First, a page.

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Energy from Waste: an overview of the industry

Nathan Mann our consultant managing the role
Posted by  Nathan Mann
Published on 6 December 2017

In a world where climate change is becoming an ever-increasing issue of importance, the future lies in investing in renewable sources of energy. One of these sources is Energy from Waste, a sector that is currently experiencing rapid growth and investment, with new projects springing up everywhere from America to the UK. The Energy from Waste market is expected to worth $35.5 billion by 2024, according to Global Market Insights, making now the perfect time to get involved in the industry.

Quanta Principal Consultant Nathan Mann reveals more about this exciting and lucrative industry.

Energy from Waste plant

What is the difference between Energy from Waste and Biomass?

Energy from Waste (also known as Waste to Energy) provides a relatively low cost local solution that uses waste to produce energy in the form of electricity, heat or combustible fuel commodities.

Biomass uses a similar process to Energy from Waste, producing energy and heat by burning biomass in a boiler. Biomass, such as wood waste, agricultural crops and even human waste, can be burned to release heat that is then converted to energy.

What makes recruitment in Energy from Waste interesting?

Energy from Waste is developing rapidly, which makes it an exciting area to work in. The technologies and process of producing this energy are changing every day and becoming more efficient. Therefore, finding good candidates that are able to deliver is always challenging. The market is growing and there are lots of new opportunities that Quanta can source candidates for, especially in the UK.

Why should people consider working in Energy from Waste?

The industry is relatively fresh, especially in the UK. The market here is an attractive place to invest, thanks to government incentives and other benefits, so there are a lot of large foreign companies investing in facility builds and Biomass-related projects here. This is an exciting prospect to be a part of, as we are dealing with companies from all over the world that have come together to deliver new Biomass plants and ultimately a new source of renewable energy

Are there any skill sectors or skilled jobs that are particularly in demand at the moment?

Currently, we’re seeing significant demand for Commissioning Managers with steam and large boiler expertise. Engineers with an in-depth knowledge of large boilers will find plenty of attractive opportunities in this sector.

How do you see the market developing in the future? Do you see it overtaking more conventional forms of creating energy?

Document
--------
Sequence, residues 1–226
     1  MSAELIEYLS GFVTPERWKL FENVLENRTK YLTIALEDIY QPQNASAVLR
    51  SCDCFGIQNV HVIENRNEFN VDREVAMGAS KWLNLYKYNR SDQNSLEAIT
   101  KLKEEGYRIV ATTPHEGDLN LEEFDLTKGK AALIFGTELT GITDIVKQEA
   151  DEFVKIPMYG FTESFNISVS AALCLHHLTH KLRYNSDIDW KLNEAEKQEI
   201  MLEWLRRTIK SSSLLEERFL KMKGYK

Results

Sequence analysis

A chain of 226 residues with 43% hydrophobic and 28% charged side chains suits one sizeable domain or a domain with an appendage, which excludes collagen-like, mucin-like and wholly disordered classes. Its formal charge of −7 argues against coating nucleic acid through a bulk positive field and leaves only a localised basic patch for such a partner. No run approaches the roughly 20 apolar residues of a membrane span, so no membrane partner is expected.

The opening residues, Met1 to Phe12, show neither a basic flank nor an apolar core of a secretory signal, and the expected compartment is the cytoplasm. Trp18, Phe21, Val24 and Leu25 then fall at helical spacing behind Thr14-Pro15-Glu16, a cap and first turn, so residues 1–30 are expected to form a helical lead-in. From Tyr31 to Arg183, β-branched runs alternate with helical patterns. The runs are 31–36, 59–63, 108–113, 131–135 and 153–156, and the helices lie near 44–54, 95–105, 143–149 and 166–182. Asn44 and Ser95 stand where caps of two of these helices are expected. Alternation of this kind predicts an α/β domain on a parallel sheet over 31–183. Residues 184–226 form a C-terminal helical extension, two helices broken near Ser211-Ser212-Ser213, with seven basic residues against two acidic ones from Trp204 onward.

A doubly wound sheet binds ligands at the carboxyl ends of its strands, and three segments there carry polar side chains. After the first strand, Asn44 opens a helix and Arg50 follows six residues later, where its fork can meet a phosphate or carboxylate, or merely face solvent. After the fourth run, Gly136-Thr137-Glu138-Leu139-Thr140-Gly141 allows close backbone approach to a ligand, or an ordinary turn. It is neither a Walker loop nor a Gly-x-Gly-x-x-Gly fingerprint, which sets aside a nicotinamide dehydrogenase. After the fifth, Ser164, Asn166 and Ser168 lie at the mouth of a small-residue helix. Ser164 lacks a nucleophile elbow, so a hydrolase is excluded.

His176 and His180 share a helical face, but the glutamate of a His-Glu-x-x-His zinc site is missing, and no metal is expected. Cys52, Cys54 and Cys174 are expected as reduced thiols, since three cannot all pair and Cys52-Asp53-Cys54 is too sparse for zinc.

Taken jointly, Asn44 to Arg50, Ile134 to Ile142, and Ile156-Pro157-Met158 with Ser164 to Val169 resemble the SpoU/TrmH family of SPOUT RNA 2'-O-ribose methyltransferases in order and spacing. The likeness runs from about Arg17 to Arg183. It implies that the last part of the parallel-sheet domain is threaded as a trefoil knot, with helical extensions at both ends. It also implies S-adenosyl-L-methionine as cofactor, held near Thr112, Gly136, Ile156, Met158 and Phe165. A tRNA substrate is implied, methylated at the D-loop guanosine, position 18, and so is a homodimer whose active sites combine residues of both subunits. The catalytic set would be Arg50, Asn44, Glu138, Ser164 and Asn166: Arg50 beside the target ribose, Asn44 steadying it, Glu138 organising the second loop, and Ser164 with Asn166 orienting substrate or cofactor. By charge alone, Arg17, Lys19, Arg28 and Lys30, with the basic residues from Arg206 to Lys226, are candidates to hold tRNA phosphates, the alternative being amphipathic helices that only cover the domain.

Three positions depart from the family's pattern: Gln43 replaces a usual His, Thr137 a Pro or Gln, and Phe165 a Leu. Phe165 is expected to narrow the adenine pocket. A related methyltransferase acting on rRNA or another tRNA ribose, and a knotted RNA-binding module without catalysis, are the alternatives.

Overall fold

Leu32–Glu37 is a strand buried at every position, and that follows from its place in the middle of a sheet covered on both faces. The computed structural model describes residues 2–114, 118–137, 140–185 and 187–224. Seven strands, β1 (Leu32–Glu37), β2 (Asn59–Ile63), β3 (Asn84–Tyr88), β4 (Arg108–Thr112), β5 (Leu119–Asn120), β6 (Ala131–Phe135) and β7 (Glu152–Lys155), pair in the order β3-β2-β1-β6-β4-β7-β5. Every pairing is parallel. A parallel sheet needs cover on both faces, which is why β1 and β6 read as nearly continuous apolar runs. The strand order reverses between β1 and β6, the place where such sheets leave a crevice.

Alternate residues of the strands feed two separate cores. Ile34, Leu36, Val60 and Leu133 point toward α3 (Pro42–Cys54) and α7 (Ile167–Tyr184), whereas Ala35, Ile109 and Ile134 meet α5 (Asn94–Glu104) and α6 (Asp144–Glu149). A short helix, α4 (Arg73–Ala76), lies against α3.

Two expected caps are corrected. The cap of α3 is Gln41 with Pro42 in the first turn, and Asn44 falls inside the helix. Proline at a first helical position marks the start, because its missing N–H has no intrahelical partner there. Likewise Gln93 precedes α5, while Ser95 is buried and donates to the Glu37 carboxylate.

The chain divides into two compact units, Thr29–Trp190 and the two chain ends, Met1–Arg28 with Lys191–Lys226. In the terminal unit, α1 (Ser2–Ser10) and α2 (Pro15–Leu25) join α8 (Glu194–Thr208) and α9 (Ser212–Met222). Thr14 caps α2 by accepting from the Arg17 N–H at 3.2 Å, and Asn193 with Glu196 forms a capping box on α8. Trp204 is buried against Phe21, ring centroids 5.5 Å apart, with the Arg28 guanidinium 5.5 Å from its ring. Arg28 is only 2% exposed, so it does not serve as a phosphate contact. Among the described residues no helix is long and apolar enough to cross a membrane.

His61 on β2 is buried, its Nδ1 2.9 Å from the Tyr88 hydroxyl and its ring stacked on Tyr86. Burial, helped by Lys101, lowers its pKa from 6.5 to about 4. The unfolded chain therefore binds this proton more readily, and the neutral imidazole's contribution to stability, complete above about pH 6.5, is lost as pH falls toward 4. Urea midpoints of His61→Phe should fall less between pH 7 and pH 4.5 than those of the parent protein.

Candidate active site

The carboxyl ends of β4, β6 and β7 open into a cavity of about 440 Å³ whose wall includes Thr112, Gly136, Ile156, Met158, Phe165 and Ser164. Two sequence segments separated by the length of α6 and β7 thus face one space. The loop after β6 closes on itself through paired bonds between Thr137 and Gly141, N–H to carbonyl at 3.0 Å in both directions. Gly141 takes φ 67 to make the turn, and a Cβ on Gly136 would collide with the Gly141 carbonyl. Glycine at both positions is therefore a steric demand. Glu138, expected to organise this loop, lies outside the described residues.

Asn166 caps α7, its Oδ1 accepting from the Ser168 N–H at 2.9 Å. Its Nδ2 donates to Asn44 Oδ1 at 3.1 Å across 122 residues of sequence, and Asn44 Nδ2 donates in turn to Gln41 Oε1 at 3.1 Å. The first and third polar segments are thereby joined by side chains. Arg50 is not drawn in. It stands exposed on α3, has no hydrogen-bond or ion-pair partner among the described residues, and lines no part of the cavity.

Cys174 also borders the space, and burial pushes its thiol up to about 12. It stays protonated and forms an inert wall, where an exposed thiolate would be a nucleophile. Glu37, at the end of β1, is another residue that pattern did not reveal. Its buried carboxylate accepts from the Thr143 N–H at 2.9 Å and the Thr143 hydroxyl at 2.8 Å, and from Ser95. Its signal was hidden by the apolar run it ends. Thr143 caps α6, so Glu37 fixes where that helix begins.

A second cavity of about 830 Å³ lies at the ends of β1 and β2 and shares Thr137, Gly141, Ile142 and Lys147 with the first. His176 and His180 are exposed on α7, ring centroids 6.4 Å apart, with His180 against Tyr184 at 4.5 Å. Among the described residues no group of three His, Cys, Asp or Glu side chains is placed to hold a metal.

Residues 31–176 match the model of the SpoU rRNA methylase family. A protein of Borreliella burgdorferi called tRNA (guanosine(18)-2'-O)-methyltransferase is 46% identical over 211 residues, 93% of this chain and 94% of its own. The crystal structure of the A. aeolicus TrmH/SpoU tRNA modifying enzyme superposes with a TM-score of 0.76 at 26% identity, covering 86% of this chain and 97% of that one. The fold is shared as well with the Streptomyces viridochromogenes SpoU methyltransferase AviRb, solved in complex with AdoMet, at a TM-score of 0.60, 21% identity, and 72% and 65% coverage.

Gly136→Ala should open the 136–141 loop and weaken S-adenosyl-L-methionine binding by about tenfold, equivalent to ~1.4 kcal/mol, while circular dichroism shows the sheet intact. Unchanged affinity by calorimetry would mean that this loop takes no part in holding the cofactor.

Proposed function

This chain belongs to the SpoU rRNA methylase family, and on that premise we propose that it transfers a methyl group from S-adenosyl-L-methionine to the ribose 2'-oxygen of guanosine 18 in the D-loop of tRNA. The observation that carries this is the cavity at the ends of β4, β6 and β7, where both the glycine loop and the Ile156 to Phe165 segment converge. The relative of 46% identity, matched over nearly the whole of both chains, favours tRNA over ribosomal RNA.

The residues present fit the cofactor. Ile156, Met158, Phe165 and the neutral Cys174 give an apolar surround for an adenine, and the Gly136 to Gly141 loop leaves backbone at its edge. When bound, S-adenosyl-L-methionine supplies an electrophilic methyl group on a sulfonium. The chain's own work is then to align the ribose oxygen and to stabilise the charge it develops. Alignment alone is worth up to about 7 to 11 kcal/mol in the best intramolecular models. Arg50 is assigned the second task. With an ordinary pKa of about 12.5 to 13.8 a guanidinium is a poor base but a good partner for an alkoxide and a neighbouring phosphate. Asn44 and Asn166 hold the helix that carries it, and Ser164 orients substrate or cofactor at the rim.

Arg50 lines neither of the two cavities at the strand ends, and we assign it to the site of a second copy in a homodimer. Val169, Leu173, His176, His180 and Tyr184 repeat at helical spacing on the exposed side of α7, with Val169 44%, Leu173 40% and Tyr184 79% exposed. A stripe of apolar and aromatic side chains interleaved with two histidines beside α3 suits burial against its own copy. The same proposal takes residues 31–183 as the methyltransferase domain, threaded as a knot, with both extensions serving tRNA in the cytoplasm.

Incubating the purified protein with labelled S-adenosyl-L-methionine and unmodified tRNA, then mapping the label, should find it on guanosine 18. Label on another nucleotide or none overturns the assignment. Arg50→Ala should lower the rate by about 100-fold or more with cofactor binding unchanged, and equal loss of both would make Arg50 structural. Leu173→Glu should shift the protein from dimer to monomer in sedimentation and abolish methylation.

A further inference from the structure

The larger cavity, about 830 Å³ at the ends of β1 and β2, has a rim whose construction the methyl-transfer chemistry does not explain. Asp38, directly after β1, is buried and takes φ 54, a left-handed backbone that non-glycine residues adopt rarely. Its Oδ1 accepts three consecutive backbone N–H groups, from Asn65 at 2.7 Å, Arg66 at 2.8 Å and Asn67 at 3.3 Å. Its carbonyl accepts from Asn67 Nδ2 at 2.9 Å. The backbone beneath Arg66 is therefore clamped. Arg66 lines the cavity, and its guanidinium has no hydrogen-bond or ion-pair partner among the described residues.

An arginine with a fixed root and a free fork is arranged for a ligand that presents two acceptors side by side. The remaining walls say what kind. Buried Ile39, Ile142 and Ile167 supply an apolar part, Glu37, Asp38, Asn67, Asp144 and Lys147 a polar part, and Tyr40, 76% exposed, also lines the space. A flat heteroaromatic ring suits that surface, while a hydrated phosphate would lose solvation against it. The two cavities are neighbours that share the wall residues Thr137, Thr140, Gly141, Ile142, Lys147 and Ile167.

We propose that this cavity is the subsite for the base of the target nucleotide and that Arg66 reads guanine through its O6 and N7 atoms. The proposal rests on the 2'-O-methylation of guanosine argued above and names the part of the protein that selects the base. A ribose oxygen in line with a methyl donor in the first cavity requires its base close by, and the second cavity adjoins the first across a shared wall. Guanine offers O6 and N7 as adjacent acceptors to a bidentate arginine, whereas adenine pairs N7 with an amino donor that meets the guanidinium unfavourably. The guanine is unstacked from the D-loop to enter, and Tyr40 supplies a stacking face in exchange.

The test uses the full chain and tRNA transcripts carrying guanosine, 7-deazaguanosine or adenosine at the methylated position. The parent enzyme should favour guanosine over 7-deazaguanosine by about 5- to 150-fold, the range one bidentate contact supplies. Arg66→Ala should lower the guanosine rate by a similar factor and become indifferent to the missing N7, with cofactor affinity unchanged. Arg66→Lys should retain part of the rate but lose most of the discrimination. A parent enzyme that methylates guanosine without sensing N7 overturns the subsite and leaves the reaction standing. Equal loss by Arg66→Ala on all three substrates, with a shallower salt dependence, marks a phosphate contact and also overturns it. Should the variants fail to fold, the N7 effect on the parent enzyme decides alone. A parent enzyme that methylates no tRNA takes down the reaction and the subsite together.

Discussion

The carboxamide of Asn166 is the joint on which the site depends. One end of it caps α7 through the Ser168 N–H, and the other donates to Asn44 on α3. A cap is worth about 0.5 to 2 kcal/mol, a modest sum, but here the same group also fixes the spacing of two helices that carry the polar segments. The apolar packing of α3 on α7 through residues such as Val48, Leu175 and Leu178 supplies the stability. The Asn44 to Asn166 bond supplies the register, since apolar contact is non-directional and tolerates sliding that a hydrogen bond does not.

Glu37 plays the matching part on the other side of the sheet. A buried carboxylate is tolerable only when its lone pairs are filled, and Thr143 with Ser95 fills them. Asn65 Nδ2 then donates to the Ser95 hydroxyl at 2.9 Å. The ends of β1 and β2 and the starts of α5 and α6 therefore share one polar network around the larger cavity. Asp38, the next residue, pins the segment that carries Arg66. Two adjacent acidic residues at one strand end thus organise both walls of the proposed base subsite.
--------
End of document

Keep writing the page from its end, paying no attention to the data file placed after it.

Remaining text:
Due to the world’s population producing more and more waste, the capacity for landfill is disappearing. Landfill sites also cause damage to the environment, polluting rivers and the ground. In the past, most waste was sent to landfill as it was cheap and space was available in old quarries, but there are estimates that this space will run out in the UK in 6-8 years.

Despite this impending shortage, about two-thirds of landfill waste is biodegradable, according to the UK Environmental Agency. As this waste decomposes, it produces harmful gases (carbon dioxide and methane) which contribute to global warming. While some of this gas does make its way into the atmosphere, most modern landfill sites have gas controls, and where the gas is captured it can be burnt in generators to produce electricity.

The amount of waste being sent to landfill in the world is therefore a large problem and the shortage of renewable energy is always apparent. With the correct technology, I believe that Energy from Waste will surpass the more conventional methods of creating energy, though I am also a strong believer in having a variety of energy sources, like nuclear, wind, hydro, or tidal power, to draw our supply from.

Is there anything in the market that needs to change for this to happen?

Currently, there’s a lot of debate on whether Biomass is truly carbon neutral. A lot of people are saying that by making Biomass from natural materials like woodchips, and then burning it, the carbon within the material the tree absorbed will be released back into the atmosphere. This logic suggests that Biomass doesn’t influence or change CO2 levels and doesn’t contribute to global warming.

Make your mark in Energy from Waste

We’re always looking for talented individuals to join us in the Energy from Waste and Biomass industry, and have a range of interesting opportunities within the UK and further afield. Contact us here to find out more.

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